FDA Releases Report on Personalized Medicine
Personalized medicine, which involves tailoring medical treatment to an individual patient’s characteristics, needs, and preferences, is advancing because of new technology and discoveries in various fields, including genomics, medical imaging, and devices. FDA’s report, “Paving the Way for Personalized Medicine: FDA’s Role in a New Era of Medical Product Development,” published in October 2013, describes FDA’s recent efforts to advance regulatory standards, methods, and tools in support of personalized medicine, said FDA Commissioner, Margaret Hamburg, in the introduction to the report.
The report describes the concept and various definitions of personalized medicine and notes that it typically involves both a diagnostic device (e.g., assays to measure genetic factors and imaging equipment) and a therapeutic product. FDA’s role and responsibilities in this field include considering benefits and risks when evaluating medical products, providing guidance to encourage development, being informed about advances and ensuring that information is used appropriately throughout the industry, and working with stakeholders to evaluate and validate new diagnostics and therapeutics. FDA is responsible for “identifying opportunities for streamlining regulatory processes and advancing the science and tools that will help drive innovation,” notes the report.
FDA is building an infrastructure to support personalized medicine. The Center for Devices and Radiological Health (CDRH), for example, created the Office of In Vitro Diagnostic Device Evaluation and Safety (OIVD) in 2002 as a single organizational unit for comprehensive regulation of in vitro diagnostic devices (IVDs) that includes divisions of Immunology and Hematology, Chemistry and Toxicology, and Microbiology. In 2013, OIVD incorporated products related to radiological health and was renamed as the Office of In Vitro Diagnostics and Radiological Health (OIR). Also in 2013, the National Center for Toxicological Research, a laboratory research center that supports FDA, established a new Division of Bioinformatics and Biostatistics that will strengthen personalized medicine and pharmacogenomics efforts.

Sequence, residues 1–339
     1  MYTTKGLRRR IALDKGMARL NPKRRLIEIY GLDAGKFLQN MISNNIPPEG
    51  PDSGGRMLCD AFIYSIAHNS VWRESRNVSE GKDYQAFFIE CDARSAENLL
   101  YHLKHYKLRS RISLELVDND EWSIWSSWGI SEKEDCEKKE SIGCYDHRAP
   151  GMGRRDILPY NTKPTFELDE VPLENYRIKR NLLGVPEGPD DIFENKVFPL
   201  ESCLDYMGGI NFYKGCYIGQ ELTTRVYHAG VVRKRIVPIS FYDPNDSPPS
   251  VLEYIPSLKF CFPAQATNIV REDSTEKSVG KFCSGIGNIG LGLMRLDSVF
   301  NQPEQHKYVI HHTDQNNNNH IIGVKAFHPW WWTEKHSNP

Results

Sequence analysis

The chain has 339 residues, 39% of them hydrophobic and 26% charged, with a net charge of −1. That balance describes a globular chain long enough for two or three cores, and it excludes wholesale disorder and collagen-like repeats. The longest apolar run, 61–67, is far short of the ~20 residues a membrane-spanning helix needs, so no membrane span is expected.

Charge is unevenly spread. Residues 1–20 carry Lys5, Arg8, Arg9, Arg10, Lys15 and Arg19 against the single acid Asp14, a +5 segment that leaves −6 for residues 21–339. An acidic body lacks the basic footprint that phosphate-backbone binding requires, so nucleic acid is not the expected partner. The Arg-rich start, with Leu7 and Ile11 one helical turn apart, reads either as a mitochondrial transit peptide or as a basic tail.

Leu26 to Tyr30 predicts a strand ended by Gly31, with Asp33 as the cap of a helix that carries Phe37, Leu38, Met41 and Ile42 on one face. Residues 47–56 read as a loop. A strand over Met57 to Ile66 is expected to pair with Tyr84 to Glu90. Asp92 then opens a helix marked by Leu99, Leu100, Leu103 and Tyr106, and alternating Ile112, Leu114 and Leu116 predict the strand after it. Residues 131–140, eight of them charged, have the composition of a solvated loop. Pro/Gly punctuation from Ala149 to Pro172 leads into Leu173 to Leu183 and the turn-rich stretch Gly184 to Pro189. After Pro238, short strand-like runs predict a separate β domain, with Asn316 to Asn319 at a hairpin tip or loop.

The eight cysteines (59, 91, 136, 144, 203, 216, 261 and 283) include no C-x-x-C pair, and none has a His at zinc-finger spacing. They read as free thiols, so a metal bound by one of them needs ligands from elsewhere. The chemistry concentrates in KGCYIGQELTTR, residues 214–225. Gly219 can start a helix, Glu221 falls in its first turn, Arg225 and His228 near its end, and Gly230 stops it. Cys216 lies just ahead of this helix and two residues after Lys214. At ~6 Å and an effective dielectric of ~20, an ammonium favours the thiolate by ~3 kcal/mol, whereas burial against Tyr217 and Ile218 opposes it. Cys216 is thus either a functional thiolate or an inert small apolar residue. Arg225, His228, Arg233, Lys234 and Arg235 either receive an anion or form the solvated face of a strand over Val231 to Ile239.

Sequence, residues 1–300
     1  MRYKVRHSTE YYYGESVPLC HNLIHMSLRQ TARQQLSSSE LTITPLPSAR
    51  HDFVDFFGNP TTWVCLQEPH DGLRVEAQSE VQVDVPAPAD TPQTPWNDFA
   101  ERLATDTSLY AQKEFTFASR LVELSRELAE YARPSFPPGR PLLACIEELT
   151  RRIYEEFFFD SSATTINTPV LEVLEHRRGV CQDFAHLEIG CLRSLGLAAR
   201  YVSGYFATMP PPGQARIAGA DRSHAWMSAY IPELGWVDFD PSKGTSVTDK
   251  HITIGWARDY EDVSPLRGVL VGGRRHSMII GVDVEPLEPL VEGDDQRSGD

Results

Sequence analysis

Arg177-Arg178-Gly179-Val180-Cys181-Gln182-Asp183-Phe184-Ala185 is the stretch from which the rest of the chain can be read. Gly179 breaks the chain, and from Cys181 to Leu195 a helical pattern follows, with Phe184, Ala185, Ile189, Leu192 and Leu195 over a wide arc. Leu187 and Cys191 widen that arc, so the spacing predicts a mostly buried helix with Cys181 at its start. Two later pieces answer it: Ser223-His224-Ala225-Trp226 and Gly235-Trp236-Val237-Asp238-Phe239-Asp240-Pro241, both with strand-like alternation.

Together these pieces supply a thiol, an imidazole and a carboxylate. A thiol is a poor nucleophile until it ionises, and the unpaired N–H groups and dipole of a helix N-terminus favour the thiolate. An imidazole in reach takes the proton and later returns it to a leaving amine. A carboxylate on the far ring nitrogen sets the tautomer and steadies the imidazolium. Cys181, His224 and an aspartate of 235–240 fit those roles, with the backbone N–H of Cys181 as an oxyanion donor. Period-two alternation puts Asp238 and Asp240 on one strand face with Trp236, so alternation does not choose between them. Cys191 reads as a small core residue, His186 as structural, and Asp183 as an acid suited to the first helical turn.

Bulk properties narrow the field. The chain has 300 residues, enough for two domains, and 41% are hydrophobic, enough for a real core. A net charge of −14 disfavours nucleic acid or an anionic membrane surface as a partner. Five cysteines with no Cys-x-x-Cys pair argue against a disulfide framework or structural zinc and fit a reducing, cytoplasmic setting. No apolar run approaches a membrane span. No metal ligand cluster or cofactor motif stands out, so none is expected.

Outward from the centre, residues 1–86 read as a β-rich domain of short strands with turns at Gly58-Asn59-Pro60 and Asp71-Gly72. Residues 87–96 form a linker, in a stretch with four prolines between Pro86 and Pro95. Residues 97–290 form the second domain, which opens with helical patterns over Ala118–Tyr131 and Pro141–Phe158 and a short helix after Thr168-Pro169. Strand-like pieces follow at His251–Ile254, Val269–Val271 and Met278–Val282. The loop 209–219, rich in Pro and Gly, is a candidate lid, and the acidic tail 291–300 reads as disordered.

A challenge for FDA in the personalized medicine field is ensuring the availability of safe and effective diagnostics, which are considered medical devices and thus are regulated by FDA. Evaluating these tests and developing standards to demonstrate their validity can be complicated, particularly when the understanding and meaning of a genetic association is still changing. Another challenge is the interdependency of products that are regulated by different authorities, such as a drugs and devices, including companion diagnostics, for which FDA issued a draft guidance.
Postmarket surveillance is crucial to the success of personalized medicine, and the report describes some of FDA’s efforts in this area. The report also discusses FDA projects in support of advancing the fundamental science, research, technology, and tools needed by FDA to assess personalized medicine products. “The era of personalized medicine has clearly arrived,” conclude the report’s authors, who reaffirm FDA’s commitment to working with stakeholders to move the field forward.